As always happens this time of year, we are looking forward to rain. While the seemingly biblical rains of last spring held us over for longer than usual, the landscape here has long since turned to dust. And with it have come the usual complications.
During the third quarter of this year, there were 94 crop-raiding incidents, all involving elephants. Bushmeat poaching spikes as well during the dry season, but thanks to the hard work of our community rangers and field partners, we had fewer incidents this quarter than at this time last year. We also found, confiscated, and destroyed 42 snares this quarter, two of which were designed to target rhinos.
There is no keeping the Chyulu Hills rhino population, of which there are now eight, a secret. Thus, Big Life has 51 rangers stationed in seven outposts—an almost 1-to-1 ratio of outposts to rhinos—throughout the rhino territory, all dedicated to protecting this incredibly small but important population. The enforcement and security measures done in tandem with Kenya Wildlife Service are working, and the rhinos are increasingly more secure. For the first time in decades, two rhinos were photographed out in the open this quarter. That is a success worth celebrating!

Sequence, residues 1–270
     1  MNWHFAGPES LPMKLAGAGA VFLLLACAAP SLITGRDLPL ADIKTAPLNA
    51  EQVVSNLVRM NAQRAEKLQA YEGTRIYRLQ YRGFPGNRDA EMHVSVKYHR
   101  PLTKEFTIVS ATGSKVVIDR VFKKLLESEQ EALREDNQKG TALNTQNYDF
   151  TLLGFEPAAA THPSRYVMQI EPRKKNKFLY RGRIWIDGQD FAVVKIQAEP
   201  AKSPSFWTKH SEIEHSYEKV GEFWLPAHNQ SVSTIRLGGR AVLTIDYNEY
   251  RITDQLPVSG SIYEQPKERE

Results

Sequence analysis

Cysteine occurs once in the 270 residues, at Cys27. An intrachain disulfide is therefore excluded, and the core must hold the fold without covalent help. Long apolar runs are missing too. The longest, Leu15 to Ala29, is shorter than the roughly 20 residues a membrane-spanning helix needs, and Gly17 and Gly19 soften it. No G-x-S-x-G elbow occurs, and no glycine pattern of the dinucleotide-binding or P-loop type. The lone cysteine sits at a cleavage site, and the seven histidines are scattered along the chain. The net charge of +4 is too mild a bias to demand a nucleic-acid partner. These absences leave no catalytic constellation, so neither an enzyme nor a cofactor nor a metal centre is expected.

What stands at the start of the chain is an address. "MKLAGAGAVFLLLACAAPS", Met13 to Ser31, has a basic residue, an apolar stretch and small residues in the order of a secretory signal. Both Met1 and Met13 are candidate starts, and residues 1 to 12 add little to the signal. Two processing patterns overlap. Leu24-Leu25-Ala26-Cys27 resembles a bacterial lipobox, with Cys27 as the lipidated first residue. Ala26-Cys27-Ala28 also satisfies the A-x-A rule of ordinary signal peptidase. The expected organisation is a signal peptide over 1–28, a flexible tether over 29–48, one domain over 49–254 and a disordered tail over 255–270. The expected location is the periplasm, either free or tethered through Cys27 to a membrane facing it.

The weather and the wildlife are not the only things about our landscape that have changed this past quarter. Our Area of Operation (AOO) did too. Management of our conservation initiatives on Olgulului Group Ranch were handed over to the local community at their request, which has freed up resources to expand to other areas needing our assistance. Conservation initiatives are expanding to the north of our core AOO in Eselengei, as well as to the south in Enduimet on the Tanzanian side of the border. We’ll be reporting on both communities as operations pick up moving forward.
As always, there’s a lot a stake here and much to be done. Thank you to our partners and supporters from around the world for making our work possible.
Director of Operations, Big Life Kenya